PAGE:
• Evaluating airborne hazards in the workplace (or workshop)
  • Choose a disposable respirator based on FFP rating
  • Choose a comfortable and convenient model
  • When in doubt go with a higher level of protection.

Not all faces are the same and neither are disposable respirators. You might need to try different makes or sizes to find one that fits without leaking around the seal and letting dust in.

The only way you can know if the seal is good enough is by having a proper face fit test. Currently this is also the only way of meeting legal requirements.

Face-fit testing

Having worked closely with the BSIF and HSE in the development of a suitable accreditation scheme for Face Fit Testing, Alpha Solway had the first ’Fit2Fit’ accredited RPE fit test provider, now recognised within the HSE 282/28 Fit Testing Guidance Notes.

The accreditation confirms the competency of a particular individual to perform fit testing on tight fitting face pieces. Training in the proper use and care of respirators has been mandatory in the COSHH (Control of Substances Hazardous to Health) Regulations since 1989.

When it is launched, the arrival of the new ISO 16975-3:2017 standard will be another welcome addition to the ongoing challenge of helping protect workers through effective fit testing.

Designed to evaluate the effectiveness of the seal between the wearer’s face and the respiratory interface specific requirements for conducting RPE Fit Testing outlined in the new standard include:

  • Qualifications/competences of fit test operators
  • Specific fit testing procedures
  • Interpretation of fit test results
  • Record keeping.

Driving the message

Undoubtedly ‘Fit2Fit’ has had a positive effect on industry, driving awareness of the importance of properly fitted respiratory protective equipment. But there is still much more that needs to be done to drive this message home.

The reality is that many people across industry are still not aware of it or its full implications. Even more importantly we need to emphasise the message that effective fit testing is not simply a matter of providing RPE that ticks the performance box, but vitally is about the specific individual using it and the effectiveness of the fit it delivers.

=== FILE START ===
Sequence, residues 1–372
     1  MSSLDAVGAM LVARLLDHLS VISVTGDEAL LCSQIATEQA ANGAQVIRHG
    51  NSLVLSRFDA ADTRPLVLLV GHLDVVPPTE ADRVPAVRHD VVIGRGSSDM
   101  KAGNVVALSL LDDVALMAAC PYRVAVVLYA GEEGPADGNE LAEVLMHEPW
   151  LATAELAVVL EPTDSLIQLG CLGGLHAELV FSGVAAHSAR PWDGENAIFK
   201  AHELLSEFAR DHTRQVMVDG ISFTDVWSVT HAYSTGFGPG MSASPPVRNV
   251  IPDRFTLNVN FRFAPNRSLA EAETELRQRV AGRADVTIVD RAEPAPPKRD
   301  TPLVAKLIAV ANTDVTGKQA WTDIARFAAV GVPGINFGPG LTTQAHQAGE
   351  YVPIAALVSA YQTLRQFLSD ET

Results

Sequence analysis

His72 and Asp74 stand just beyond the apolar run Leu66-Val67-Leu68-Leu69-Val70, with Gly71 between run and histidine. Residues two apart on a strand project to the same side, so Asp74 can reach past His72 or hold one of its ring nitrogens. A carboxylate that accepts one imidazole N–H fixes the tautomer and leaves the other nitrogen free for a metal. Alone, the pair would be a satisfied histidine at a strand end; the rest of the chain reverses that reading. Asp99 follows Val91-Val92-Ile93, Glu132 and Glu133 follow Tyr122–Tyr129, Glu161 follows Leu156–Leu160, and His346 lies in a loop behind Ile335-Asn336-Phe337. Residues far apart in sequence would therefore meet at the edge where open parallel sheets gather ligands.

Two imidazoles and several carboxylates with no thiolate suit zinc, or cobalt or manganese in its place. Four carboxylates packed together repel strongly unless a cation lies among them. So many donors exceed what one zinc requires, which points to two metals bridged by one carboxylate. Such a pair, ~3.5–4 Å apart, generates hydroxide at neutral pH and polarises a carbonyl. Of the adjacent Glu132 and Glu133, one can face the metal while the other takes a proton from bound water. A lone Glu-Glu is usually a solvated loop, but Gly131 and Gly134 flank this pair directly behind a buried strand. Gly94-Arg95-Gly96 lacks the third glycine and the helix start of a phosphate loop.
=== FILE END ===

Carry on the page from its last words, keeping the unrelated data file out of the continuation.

Properly protecting the breathing of workers is essential as the risk of exposure can be life threatening.

Richard Beardsley is Area sales manager at Alpha Solway

 

FEATURES


B3 Poster Apr20

Why is handwashing important to stop the spread of coronavirus?

By Belinda Liversedge on 02 April 2020

The common cold and Severe Acute Respiratory Syndrome coronavirus 2 (or Covid-19) may be opposite in the impacts they can have on human health, but they belong to the same family. Both are respiratory tract infections caused by coronaviruses.



Young Worker Istock Julieannebirch

Protecting young workers from asbestos

By Belinda Liversedge on 02 April 2020

When coronavirus is dominating the headlines, it’s easy to forget that 5,500 people will die this year due to past asbestos exposure. Yet, young people working today are also at risk. For asbestos awareness week (1 to 7 April), it's time to explore the issue.



London Bridge trains passing worksite in 2017.jpg

Managing asbestos and legionella on the railway

By Denis Morgan and Paul Sear on 27 March 2020

There are numerous regulations relating to asbestos and legionella management which railway companies must comply with to ensure optimum protection for those using their facilities.